Ottawa County housing market could be cooling, but higher values remain
HOLLAND — After two years of the hottest housing market in recent memory, local real estate agents suspect a cool-down is coming.
But that doesn’t mean prices will plummet, as many homeowners fear. Despite rumors of a recession, and evidence some markets are severely overvalued, economists and experts don’t expect decreases to happen overnight.
A recent analysis from Moody’s found that swatches of communities in lower Michigan have meaningfully overvalued housing prices. Muskegon was found to be overvalued by a whopping 59 percent — ranking third in the country. Grand Rapids, meanwhile, was overvalued by 42 percent.
The median nationwide price for an existing home hit an all-time high in April at $391,200, up 15 percent from 2021. But since then, sales have slowed, as mortgage interest rates continue to rise. Inflation, too, is causing headaches for first-time homebuyers, forcing them to spend more on groceries and gas.
“I think we’re going to enter a much more balanced market,” said Rachel Gallegos, a lakeshore native and real estate agent. “I think it’ll still be a seller’s market for the foreseeable future, but we’re already starting to see buyers who have fatigue or who have been priced out.”
Gallegos thinks overvalued properties in Muskegon and Grand Rapids don’t necessarily reflect values in Ottawa County.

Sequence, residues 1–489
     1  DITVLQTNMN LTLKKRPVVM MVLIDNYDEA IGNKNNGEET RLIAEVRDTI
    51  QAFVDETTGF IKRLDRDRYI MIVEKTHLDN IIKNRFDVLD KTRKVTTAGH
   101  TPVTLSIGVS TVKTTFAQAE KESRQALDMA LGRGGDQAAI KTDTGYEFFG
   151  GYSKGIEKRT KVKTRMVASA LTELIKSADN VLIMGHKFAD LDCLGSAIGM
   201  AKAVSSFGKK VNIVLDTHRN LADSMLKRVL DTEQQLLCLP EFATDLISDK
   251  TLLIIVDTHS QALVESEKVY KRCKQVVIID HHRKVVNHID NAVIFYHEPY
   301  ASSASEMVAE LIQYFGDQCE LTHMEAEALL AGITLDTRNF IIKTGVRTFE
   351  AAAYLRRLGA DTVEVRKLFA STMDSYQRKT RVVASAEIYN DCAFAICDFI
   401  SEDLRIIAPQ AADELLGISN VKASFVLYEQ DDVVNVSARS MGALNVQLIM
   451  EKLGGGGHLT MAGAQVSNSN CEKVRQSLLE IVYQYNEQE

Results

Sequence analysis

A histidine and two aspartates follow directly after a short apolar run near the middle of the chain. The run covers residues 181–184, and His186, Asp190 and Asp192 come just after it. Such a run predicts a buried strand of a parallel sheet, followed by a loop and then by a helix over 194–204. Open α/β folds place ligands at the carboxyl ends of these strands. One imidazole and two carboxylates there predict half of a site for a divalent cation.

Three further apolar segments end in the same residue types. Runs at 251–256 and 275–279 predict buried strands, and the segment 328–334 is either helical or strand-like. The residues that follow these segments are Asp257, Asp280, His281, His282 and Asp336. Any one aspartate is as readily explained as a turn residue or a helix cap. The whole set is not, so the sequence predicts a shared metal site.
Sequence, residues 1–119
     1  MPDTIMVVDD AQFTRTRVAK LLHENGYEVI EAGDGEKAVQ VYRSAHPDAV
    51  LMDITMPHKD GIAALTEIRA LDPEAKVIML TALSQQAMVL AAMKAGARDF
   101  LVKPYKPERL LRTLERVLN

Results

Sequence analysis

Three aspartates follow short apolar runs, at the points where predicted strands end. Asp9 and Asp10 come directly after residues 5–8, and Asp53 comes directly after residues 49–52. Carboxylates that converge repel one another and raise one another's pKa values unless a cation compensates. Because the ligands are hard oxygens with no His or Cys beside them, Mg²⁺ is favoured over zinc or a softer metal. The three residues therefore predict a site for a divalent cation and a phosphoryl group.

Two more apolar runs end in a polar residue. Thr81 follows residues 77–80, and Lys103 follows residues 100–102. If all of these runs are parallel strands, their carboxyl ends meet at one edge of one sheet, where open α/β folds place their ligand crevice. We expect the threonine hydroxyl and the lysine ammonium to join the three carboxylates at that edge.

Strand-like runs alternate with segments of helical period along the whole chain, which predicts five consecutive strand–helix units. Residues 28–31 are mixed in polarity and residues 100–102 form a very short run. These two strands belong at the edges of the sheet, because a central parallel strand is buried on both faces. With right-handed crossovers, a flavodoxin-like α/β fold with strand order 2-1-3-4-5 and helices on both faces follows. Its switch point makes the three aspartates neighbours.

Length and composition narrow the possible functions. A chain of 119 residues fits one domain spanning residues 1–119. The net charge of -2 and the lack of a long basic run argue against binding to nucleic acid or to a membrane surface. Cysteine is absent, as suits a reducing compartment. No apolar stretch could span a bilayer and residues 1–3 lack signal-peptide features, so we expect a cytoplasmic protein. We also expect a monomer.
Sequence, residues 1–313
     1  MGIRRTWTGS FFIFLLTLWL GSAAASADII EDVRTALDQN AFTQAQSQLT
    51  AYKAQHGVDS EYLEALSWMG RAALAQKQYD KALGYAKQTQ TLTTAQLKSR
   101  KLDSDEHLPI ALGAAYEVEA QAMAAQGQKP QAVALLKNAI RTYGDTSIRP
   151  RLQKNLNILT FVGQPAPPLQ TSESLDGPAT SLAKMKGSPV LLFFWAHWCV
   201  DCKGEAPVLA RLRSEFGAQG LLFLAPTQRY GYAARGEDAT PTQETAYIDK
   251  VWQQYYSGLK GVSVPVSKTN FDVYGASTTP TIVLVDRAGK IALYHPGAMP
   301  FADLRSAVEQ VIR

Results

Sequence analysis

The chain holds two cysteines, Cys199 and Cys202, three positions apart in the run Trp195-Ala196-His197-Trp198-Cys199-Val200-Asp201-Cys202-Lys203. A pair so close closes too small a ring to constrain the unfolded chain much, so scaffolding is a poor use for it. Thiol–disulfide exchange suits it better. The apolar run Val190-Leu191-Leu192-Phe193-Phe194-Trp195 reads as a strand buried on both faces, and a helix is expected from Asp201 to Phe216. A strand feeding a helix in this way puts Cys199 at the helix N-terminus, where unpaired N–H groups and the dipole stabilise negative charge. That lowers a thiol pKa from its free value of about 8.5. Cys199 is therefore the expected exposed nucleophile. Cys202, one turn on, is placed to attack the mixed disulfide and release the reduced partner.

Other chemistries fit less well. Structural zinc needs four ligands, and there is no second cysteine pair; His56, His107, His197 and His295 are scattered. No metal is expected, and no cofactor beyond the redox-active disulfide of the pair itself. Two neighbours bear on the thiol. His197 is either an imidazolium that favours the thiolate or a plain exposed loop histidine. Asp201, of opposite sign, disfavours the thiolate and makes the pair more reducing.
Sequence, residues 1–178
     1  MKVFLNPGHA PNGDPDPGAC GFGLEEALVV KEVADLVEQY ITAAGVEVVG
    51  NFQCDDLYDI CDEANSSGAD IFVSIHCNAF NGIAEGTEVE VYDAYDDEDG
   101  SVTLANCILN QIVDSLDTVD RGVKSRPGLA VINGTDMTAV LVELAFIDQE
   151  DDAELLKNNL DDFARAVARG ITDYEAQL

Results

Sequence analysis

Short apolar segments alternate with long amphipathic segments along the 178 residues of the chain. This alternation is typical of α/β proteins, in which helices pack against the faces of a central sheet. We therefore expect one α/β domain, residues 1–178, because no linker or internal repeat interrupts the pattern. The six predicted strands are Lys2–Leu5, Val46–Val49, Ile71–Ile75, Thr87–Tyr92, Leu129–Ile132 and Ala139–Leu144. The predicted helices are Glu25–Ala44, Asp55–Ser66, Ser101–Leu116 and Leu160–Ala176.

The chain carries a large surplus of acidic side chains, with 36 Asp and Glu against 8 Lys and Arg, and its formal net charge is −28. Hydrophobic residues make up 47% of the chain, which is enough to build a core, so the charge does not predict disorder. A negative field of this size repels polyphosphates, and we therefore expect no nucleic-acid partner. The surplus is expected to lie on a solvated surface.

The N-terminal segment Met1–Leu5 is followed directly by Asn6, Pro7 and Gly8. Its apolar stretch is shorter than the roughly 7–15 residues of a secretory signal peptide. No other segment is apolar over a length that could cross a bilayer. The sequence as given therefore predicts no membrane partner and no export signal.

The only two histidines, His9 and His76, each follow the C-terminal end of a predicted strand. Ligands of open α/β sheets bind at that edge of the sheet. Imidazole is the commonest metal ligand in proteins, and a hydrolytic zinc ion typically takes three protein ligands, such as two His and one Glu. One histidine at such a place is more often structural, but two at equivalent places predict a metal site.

“I think anytime you get into a larger city, the market is generally going to be a little bit warmer than what you’re going to see in more rural counties,” she said. “We’ve seen that across the board. Of course, none of us really have a crystal ball, but we do have lots of economists that review this data and history for a living.”
That said, Gallegos expects a cool-down this summer, with four or five offers on homes instead of dozens.
“The past six months have been the craziest we’ve seen,” she said. “I don’t think you’re going to see values or prices go down, necessarily, unless a seller has unrealistic expectations and needs to have a price reduction. But they’ll increase more slowly.”
Knowing the true value of a home, Gallegos said, is a tricky thing.
“A home is worth whatever someone is able and willing to pay for it,” she said. “Who determines the value? The community or the buyer? Ultimately, it’s the buyer.
“Going forward, I think buyers are still going to be willing to pay top dollar, but I don’t think we’re going to see $30,000 over list price. We might see $5,000 or even paying list price.”
Gallegos encourages struggling buyers to keep trying.
“Buyer fatigue is very real and very hard,” she said. “But I’ve always believed the house that’s meant for you, you’re going to get. And holding off, at this point, could end up costing buying power. If our values continue to increase, even at a slower rate, and interest rates continue to increase, buyers will have less money to work with.”
The difference between plummeting prices and a cool-down, Gallegos said, is critical.
“I think that’s where the general population gets confused,” she said. “The market coming down doesn’t mean values are going to come down. It just means things are going to slow down — and that’s we want. We want some stability in the housing market.”